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Dr. Vladimir Sloutsky

Dr. Vladimir Sloutsky

Dr. Vladimir Sloutsky

Professor, Developmental


(614) 247-4449

247 Psychology Building
1835 Neil Ave
Columbus, OH

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My research focuses on conceptual development, and on interrelationships between cognition and language. More specifically, I have been pursuing several questions. How do infants and young children form categories of objects and events, as well as more abstract categories? How do they store this information in memory? How do they generalize acquired knowledge to novel situations? And how do all these processes change in the course of development and learning? In an attempt to answer these questions, we study pre-linguistic infants, toddlers, preschoolers, and adults using a multiple experimental methodologies.

Selected Publications

Deng, W., & Sloutsky, V. M. (in press). Carrot-eaters and moving heads: Salient features provide greater support for inductive inference than category labels. Psychological SciencePDF

Sloutsky, V. M., & Fisher, A. V. (in press). Linguistic labels: Conceptual markers or object features? Journal of Experimental Child PsychologyPDF

Hupp, J. M., & Sloutsky, V. M. (2011). Learning to learn: From within-modality to cross-modality transfer in infancy. Journal of Experimental Child Psychology, 110, 408–421. PDF

Sloutsky, V. M. (2010). From perceptual categories to concepts: What develops? Cognitive Science, 34, 1244–1286. PDF

Sloutsky, V. M. (2009). Theories about “theories”: Where is the explanation? Comment on Waxman and Gelman.Trends in Cognitive Sciences, 13, 331-332. PDF

Robinson, C. W., & Sloutsky, V. M. (2008). Effects of auditory input in individuation tasks. Developmental Science, 11, 869–881. PDF

Sloutsky, V. M., & Fisher, A. V (2008). Attentional learning and flexible induction: How mundane mechanisms give rise to smart behaviors. Child Development, 79, 639-651 PDF.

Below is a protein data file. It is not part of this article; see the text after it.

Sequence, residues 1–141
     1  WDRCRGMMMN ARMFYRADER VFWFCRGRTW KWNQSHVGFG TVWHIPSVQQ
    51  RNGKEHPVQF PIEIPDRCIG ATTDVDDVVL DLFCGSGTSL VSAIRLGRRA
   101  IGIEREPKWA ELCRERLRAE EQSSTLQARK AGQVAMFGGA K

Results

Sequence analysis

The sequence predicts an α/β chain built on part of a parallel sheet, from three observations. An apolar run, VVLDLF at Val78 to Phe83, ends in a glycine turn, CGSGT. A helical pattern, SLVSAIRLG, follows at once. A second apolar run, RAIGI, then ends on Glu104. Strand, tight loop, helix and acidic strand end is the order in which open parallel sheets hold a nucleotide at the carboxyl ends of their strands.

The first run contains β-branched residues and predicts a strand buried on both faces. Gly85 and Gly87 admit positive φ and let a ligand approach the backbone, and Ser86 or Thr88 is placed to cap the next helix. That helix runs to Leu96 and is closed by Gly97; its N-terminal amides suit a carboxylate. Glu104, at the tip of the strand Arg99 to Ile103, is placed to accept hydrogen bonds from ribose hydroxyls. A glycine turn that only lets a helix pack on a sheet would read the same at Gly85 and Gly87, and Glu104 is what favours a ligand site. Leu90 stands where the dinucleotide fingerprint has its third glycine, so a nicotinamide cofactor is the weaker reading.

Kaminski, J. A., Sloutsky, V. M., & Heckler, A. F. (2008). The advantage of abstract examples in learning math. Science, 230, 454-455. PDF

Sloutsky, V. M., & Robinson, C. W. (2008). The role of words and sounds in visual processing: From overshadowing to attentional tuning. Cognitive Science, 32, 354–377. PDF

Kloos, H., & Sloutsky, V. M (2008). What’s behind different kinds of kinds: Effects of statistical density on learning and representation of categories. Journal of Experimental Psychology: General, 137, 52–72. PDF

Robinson, C. W., & Sloutsky, V. M. (2007). Visual processing speed: Effects of auditory input on visual processing. Developmental Science, 10, 734–740. PDF

Sloutsky, V. M., Kloos, H., & Fisher, A. V. (2007). When looks are everything: Appearance similarity versus kind information in early induction. Psychological Science, 18, 179-185 PDF

Robinson, C. W., & Sloutsky, V. M. (2004). Auditory dominance and its change in the course of development.Child Development, 75, 1387-1401. PDF

Sloutsky, V. M., & Fisher, A. V. (2004). When learning and development decrease memory: Evidence against category-based induction. Psychological Science, 15, 553-558.

Sloutsky, V. M., & Fisher, A. V. (2004). Induction and categorization in young children: A similarity-based model. Journal of Experimental Psychology: General, 133, 166-188. PDF

Sloutsky, V. M. (2003). The role of similarity in the development of categorization. Trends in Cognitive Sciences, 7, 246-251. PDF

Sloutsky, V. M., & Napolitano, A. (2003). Is a picture worth a thousand words? Preference for auditory modality in young children. Child Development, 74, 822-833. PDF